Culture, War, and Major Events in Asian History

Exploring the Historical Impact of Asia

The history of Asia is filled with crucial events and cultural advances. Battles decided the fate of nations, wars rewrote the continent's maps, protests rocked governments, and natural disasters afflicted the people. There were also great inventions that improved everyday life and new arts to bring enjoyment and expression to the peoples of Asia.

Chinese Soldiers Marching with Weapons
This glimpse of a battalion of Mukden forces marching to the advance posts at Chinchow is one of the first actual photographs to be made of the Sino-Japanese conflict from the Chinese side. Bettmann/Contributor/Getty Images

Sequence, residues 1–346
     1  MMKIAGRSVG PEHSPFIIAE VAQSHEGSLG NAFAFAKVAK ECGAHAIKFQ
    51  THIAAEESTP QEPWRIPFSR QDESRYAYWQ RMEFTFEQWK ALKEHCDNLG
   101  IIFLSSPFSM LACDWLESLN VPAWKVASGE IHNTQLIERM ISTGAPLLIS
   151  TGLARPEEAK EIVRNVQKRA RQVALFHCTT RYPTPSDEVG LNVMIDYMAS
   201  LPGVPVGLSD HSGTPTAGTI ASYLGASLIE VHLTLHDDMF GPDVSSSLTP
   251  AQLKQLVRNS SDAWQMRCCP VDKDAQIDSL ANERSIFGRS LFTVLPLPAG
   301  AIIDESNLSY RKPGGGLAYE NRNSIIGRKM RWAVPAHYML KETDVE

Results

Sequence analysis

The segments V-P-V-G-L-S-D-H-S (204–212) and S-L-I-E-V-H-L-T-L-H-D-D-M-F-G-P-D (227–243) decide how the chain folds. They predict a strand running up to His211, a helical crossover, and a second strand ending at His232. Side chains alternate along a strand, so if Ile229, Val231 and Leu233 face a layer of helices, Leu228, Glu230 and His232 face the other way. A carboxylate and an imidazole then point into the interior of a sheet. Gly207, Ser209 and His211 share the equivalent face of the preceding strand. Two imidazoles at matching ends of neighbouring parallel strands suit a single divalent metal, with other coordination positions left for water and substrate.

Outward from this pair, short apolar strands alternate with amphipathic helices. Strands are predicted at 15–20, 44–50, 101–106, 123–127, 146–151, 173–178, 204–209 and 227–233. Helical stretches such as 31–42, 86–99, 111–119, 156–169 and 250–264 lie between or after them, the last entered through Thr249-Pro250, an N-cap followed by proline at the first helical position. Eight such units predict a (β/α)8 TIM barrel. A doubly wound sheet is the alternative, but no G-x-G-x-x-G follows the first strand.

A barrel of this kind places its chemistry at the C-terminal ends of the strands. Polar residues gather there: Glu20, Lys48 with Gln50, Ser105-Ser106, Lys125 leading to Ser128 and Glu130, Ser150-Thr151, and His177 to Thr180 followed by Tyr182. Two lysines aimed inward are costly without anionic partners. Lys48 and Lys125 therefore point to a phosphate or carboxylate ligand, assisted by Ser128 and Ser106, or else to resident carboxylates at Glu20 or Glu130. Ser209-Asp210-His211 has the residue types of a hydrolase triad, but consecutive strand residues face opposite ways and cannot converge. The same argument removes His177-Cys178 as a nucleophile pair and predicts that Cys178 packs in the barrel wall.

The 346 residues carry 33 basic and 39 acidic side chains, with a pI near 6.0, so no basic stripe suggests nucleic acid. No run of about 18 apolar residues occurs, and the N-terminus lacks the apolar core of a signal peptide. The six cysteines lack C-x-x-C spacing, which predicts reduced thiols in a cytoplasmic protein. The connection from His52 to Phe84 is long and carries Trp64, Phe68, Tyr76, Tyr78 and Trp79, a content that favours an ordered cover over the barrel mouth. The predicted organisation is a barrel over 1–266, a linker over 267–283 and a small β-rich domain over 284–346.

Over the centuries, many wars have been fought in the vast area known as Asia. Some stand out in history, such as the Opium Wars and the Sino-Japanese War, both of which took place in the last half of 19th century.

Then, there are the modern wars like the Korean War and the Vietnam War. These saw heavy involvement from the United States and were key fights against Communism. Even later than these was the Iranian Revolution of 1979.

While few people will argue the impact that this conflicts had on Asia and the world as a whole, there are lesser-known battles that changed history as well. For example, did you know that the 331 B.C.E. Battle of Gaugamela opened Asia to invasion by Alexander the Great? More »

The iconic "Tank Man" photo from the Tiananmen Square Massacre. Beijing, China (1989).
The iconic "Tank Man" photo from the Tiananmen Square Massacre. Beijing, China (1989). Jeff Widener/Associated Press. Used with permission.